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Williams was raised by a pair of musicians in Portsmouth, Virginia, on the only Black block of Duke Street. Most motels in the city wouldn’t rent to people of color in the 40s and 50s, so his folks opened their home to all the Black players who traveled through town. At some point—maybe during one of his parents’ band practices, or on the day Louis Jordan walked into his living room, or after he heard Jerry Lee Lewis on the radio—Williams decided to start making music himself.

“It’s something I been doing as long as I can remember,” he told VICE. “I looked up, I was writin’ songs.”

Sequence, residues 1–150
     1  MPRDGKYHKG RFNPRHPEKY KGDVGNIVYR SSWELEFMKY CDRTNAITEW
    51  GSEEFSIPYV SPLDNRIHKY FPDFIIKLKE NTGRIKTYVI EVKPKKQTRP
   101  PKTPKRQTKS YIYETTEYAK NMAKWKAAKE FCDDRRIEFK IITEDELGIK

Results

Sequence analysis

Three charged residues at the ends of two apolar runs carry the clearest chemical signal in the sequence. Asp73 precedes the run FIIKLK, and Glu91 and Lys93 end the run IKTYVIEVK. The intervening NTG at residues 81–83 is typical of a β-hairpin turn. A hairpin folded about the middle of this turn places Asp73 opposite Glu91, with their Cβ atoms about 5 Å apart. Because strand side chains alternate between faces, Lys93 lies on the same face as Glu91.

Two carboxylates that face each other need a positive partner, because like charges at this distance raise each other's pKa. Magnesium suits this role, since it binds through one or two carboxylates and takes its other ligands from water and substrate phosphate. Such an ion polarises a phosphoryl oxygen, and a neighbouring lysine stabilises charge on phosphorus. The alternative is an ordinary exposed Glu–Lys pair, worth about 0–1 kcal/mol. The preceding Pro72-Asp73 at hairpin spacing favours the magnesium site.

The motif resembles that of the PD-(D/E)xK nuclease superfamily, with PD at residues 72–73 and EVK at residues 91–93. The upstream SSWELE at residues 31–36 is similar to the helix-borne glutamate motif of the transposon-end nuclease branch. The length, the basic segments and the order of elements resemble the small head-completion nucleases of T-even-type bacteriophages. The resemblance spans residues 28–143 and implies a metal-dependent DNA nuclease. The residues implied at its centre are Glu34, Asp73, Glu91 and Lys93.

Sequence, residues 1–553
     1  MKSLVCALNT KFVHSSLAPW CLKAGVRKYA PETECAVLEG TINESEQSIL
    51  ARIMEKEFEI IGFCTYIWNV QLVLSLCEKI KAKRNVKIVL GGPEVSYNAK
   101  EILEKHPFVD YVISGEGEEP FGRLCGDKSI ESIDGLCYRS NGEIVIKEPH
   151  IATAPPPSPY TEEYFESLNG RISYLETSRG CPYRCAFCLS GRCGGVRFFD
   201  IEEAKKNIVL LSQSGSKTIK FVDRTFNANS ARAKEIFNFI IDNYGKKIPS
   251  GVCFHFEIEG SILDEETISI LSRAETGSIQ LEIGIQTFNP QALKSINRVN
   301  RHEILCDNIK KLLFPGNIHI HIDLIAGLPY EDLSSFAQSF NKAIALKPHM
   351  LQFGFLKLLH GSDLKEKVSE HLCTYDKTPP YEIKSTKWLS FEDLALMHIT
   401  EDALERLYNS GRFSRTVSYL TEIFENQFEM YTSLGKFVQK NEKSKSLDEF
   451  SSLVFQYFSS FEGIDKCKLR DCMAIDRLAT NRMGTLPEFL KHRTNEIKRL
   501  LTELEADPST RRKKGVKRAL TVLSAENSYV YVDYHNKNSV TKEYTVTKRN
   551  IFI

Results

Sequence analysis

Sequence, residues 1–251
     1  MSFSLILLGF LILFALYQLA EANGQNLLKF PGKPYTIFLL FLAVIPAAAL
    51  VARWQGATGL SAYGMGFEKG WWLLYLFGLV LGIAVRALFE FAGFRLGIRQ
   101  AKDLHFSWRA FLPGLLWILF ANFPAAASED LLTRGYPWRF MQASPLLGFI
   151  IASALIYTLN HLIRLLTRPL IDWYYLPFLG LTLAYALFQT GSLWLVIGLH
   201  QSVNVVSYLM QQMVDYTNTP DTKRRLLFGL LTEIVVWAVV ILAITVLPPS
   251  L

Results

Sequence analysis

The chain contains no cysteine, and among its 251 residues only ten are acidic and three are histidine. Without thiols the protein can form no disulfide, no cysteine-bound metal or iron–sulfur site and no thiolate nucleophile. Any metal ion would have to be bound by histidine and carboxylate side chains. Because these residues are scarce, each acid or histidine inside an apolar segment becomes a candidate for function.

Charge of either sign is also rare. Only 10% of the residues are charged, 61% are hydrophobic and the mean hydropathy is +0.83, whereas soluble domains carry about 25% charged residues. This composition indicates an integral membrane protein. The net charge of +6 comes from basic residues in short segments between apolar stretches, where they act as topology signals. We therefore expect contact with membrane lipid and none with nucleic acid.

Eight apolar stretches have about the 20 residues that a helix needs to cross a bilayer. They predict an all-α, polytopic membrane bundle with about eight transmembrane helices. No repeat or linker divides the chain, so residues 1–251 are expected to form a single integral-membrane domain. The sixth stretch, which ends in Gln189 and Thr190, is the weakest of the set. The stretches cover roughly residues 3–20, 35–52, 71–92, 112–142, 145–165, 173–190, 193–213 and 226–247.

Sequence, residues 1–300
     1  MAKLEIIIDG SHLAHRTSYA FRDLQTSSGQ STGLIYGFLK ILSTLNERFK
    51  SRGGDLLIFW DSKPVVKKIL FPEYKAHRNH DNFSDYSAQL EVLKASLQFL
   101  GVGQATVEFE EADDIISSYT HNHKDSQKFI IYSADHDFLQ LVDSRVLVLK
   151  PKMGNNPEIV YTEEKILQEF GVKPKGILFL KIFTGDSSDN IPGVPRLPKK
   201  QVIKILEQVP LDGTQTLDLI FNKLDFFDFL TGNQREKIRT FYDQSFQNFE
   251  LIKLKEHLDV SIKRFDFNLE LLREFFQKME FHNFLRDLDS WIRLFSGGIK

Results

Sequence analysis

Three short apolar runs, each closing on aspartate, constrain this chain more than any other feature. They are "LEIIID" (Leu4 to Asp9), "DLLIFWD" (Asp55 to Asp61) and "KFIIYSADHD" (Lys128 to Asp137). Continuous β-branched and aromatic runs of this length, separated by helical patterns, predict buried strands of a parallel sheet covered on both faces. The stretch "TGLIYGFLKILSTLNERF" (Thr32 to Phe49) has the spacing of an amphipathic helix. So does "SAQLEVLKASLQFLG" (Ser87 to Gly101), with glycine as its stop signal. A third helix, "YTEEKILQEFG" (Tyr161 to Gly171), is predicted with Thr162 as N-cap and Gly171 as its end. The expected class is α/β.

Almost everyone on Duke Street had a piano in their house, and they’d invite Williams inside to play for them. At lunchtime on school days, he’d get behind the piano in the cafeteria and play for his classmates, singing goofy little numbers he made up on the spot, banging away on the keys and wailing whatever words came into his head. When he was 12 years old, he weaseled his way into the tail-end of a recording session for his parents’ band, and convinced them to let him cut a song called “HTD Blues.”

He had always liked making music—but after that, he was hooked.

In his teenage years, he took the bus up to New York City as often as possible, using his trips to meet as many musicians, producers, and A&R men as he could. Eventually, he managed to find work writing songs for other singers and moved there full-time—though “moved” might be too strong a word.